Organizations hit with ransomware often find themselves in a crisis: To pay or not to pay? Most security experts agree payment is not the ideal response to a ransomware attack. But the truth is, some organizations don't have a choice — and in these cases, they need to have a strategy.
"One thing that makes a crisis more manageable is to have as much information as possible," said Pepijn Hack, cybersecurity analyst with Fox-IT, part of NCC Group, in a talk at last week's Black Hat Europe in London.
Hack and his colleague, threat analyst Zong-Yu Wu, sought to learn how attackers maximize profits, the position victims are put in during negotiations, and how businesses hit with ransomware can level the playing field. The duo analyzed more than 700 negotiations between 2019 and 2020 to create a dataset they analyzed using quantitative and qualitative methods.
The researchers focused on final price, rather than the initial ransom that attackers demand, because it represents the profit baseline for attackers. Multiple economic factors influence the final ransom, said Wu. The price should be high enough to cover the cost of hosting malware, penetration testing, and developing toolsets for attackers — but low enough that a high percentage of victims still pay it.
"What makes this business complicated … is these factors are intertwined," he explained, noting ransom price and the willingness to pay has a negative correlation: If the price is higher, fewer people will pay. Attackers must choose a business model in which a smaller number of victims pay a higher ransom or a larger number of victims pay smaller ransom, he added.
Hack and Wu dug into their datasets to see how attackers set their prices in the real world. They divided victims into two subgroups according to their annual revenue.
"The data shows if companies earn similar revenue and they both got infected by the actor, and they both decided to pay, eventually they are likely to pay a similar ratio in ransom," said Wu. Further, the researchers noticed small and midsize companies pay less money but relatively more as a percentage of their revenue. They're studying the reason behind this.
Their analysis indicated attackers valued company revenue and size when determining ransom. A worrying factor, Wu noted, is attackers usually have an idea of how much victims will pay beforehand. They also know the victim is often playing the game for the first time, which gives attackers the upper hand.
"The attacker has been playing all day long and they know what's in your hands," Wu added. "In this situation, the victim can't win."
Strategic Negotiation: Tips for Defenders
Adversaries may have an advantage, said Hack, but they are also humans — and humans make mistakes. Knowing this, victims can negotiate lower ransom prices or avoid paying entirely.
His first tip was to be respectful in communication. A crisis can be "an emotional rollercoaster," he said, and much is at stake. Business owners can understandably become emotive. Hack advised looking at ransomware negotiation as a business transaction. Consult outside help if needed, but remain professional.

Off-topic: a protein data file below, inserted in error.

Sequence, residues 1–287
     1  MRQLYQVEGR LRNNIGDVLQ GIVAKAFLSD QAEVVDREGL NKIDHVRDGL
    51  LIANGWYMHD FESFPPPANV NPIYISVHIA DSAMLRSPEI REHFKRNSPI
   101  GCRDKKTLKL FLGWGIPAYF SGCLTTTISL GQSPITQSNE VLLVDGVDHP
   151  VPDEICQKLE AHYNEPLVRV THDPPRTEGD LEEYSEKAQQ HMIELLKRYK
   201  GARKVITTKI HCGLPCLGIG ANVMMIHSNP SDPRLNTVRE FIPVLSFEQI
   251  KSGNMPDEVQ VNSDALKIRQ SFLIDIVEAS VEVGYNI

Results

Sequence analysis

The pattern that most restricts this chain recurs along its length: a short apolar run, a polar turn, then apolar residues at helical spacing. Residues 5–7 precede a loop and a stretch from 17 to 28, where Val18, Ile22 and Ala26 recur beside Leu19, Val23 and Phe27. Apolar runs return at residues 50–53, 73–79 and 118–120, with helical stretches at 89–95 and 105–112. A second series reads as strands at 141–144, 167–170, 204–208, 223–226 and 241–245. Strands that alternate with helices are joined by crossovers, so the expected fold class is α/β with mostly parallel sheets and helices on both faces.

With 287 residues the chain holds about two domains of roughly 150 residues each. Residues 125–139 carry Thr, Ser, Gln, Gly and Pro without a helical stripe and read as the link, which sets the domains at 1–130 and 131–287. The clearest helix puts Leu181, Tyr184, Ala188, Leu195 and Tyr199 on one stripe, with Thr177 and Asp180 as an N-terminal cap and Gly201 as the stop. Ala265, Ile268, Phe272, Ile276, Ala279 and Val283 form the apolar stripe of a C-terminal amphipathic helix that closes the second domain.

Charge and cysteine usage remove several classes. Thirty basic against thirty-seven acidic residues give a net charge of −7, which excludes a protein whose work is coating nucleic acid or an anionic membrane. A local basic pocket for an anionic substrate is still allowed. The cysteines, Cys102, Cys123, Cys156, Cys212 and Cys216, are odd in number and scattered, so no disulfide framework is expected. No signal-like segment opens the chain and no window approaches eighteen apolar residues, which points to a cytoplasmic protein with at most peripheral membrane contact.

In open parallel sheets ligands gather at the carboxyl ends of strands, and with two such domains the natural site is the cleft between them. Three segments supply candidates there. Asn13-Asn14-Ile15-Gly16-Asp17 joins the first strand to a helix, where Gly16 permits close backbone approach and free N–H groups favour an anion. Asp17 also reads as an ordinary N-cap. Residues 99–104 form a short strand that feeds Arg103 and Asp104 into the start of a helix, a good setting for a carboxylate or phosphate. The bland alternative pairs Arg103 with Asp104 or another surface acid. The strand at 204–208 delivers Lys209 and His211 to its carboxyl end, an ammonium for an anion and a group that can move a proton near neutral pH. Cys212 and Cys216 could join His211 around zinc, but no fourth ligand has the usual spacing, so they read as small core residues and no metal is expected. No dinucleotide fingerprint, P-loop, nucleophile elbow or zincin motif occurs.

"Being kind will lead to a better outcome," he noted.
In addition, victims should not be afraid to ask for more time. Adversaries will usually try to pressure them into making quick decisions, often by threatening to leak stolen files or doubling ransom after a certain period. The more stress an attacker causes, the worse a victim's decision-making will be.
"However, in almost all cases from the second database, the adversary was willing to extend the timer when negotiations were still going on," Hack said. "You can really see that there's definitely some leeway with each negotiation." One victim initially faced a $12 million ransom and ended up paying only $1.5 million.
This strategy is handy for victims who want to stall for time. Another strategy, for those who want to pay sooner, is to offer a smaller payment quickly in lieu of a larger payment later on.
"If you want to pay now, get your stuff back together because you know you don't have backups, and your business needs to get going, this is a strategy that will suit you," he said.
People aren't good at delaying gratification, and attackers have incentive to close the loop quickly — so they can move on to other targets and make more money. In one case, the initial ransom demand was $1 million, and the victim ultimately paid $350,000 using this strategy.
Alternatively, Hack continued, the victim can say they don't have the cash.
"One of the most effective strategies overall is to convince the adversary you can simply not pay that much money," he said.
In one case, a victim that initially had a $30 million ransom ultimately paid $500,000. The company threatened to accept what would happen if it didn't get the decryption key, and the attackers were then willing to accept far less in payment.
Hack also advised organizations with cyber insurance to keep that fact a secret. If attackers know you have insurance, negotiation will become far more difficult, he said. In some cases, attackers say they will not give victims a discount below the amount they know the insurance will pay.
"What we've learned is that ransomware negotiations are an unfair game," he said. "Adversaries can learn from previous experiences and they have more information about the victim than they know what to do with. However, they're still just humans, and we can take advantage of that."